Many of the most valuable lessons we learn are not products of the classroom but, in fact, are acquired in a much more organic manner. The formal classroom environment has given me the necessary grammatical and linguistic background to communicate effectively in French but much of what I have learned about French language and culture has been in an array of different settings. Active learning is especially important for me here in France. I have never been so engaged in my environment than I have been here in Aix-en-Provence. Aix is a wonderful city because it offers much of what a city has to offer while remaining small, quiet and aesthetically pleasing. This city is much more than simply beautiful. While it is picturesque, quaint and charming, its’ history is well preserved in the cobblestone roads and Baroque churches.
Aix is full of incredibly accessible and affordable cultural excursions that have added substantially to my understanding and knowledge of southern French culture. One of the CEA excursions that I found to be incredibly educational was a trip to La Montagne Sainte-Victoire. Our program director, Vivienne
, lead me and several of my CEA colleagues on a trip to the famous mountain Paul Cezanne painted. Me and several of my companions from the program met up with Vivienne at the bus station. There, Vivienne informed us of when and where to catch the bus. This is important because this specific type of bus needs to be waved down. Unlike normal city buses in Aix, it does not stop unless there is someone waving it down. Learning how to use public transportation is necessary knowledge here in Aix because, although I live in walking distance to my school, grocery store and friends, there are some occasions in which travel outside of the centre ville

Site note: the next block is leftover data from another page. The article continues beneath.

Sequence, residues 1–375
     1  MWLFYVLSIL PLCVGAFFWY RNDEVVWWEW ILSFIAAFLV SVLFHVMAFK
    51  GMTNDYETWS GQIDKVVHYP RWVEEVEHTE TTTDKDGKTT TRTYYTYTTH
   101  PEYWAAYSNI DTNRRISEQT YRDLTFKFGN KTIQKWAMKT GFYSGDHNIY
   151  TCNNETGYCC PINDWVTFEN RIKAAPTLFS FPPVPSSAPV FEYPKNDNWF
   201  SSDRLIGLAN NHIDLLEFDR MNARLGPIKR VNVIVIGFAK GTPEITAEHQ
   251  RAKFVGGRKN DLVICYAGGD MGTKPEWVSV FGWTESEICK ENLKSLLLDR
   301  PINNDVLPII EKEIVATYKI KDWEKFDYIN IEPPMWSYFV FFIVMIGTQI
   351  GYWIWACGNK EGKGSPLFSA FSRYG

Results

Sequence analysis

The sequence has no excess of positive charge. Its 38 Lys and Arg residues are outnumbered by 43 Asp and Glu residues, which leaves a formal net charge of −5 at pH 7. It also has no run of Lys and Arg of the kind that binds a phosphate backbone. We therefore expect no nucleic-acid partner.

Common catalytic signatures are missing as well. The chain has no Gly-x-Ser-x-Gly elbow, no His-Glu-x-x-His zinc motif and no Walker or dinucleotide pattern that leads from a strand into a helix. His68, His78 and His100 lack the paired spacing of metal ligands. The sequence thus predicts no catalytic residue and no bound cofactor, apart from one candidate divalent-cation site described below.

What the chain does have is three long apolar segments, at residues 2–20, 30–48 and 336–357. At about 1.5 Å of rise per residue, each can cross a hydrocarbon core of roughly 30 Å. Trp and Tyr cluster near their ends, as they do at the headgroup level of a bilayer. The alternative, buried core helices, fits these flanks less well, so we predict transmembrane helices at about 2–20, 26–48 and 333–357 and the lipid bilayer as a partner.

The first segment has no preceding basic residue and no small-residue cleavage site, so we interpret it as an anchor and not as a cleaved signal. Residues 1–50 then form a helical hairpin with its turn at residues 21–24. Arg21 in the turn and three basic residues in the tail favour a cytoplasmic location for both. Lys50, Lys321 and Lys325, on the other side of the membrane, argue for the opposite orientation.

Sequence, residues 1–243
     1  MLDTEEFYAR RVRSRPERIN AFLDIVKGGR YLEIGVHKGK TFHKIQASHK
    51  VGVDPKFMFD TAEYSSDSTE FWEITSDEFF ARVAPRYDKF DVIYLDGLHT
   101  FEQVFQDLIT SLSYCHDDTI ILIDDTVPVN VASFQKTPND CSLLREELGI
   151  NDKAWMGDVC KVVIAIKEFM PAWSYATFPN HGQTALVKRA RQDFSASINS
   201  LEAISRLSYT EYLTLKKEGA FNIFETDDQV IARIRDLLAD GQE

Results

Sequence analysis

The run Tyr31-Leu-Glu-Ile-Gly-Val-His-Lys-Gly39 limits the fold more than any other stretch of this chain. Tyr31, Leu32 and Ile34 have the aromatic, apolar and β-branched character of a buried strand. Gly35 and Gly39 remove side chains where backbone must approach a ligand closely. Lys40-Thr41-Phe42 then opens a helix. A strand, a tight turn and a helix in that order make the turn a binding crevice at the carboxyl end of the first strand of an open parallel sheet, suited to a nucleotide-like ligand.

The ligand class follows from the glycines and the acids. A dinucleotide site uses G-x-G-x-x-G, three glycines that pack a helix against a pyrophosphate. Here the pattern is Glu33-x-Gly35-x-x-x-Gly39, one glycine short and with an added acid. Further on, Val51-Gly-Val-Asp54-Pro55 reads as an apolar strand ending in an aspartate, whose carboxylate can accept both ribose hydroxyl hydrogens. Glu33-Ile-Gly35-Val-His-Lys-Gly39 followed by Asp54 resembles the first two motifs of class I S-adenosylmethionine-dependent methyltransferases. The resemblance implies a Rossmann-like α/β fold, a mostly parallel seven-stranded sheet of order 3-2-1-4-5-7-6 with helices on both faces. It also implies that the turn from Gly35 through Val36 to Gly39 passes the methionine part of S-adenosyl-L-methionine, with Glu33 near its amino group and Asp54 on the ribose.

(center city) is necessary.
Although, I have a clear view of the mountain directly from my apartment, upon walking up to the base, I discovered many interesting facts. For one, there is large lake that sits at the bottom of the mountain behind a large dam that controls the flow of water into the city of Aix. Much of the cities water is derived from the lake. However, our program director, Vivienne, told us as we were walking over the dam that it sits on a fault line. It is possible that one day an earthquake will cause the dam to break and subsequently flood part of the country side and the centre ville.
As we continued to hike up the base of the mountain, I was continuously discovering new and interesting facts about the history of Provence. For instance, there is a large plain in the valley of Sainte-Victoire that is home to some of the oldest dinosaur fossils in the world. Archaeologists continue to excavate this landscape today. Another interesting fact that we discovered on our hike was that the mountain produced a type of granite that Aixois would have polished to be placed in their homes several decades ago. The unique salmon colored granite speckled with dark and light traces was the staple piece of wealthy Aixois homes during the belle epoque and still exist today.
This trip proved to be an incredibly rich cultural as well as educational experience for me and my colleagues. I learned much more about Provence and French culture than I would have expected to on a hike. Leaning is most interesting and remembered in the least expected places.
Maxine Gordon is the Spring 2013 CEA MOJO in Aix-en-Provence, France
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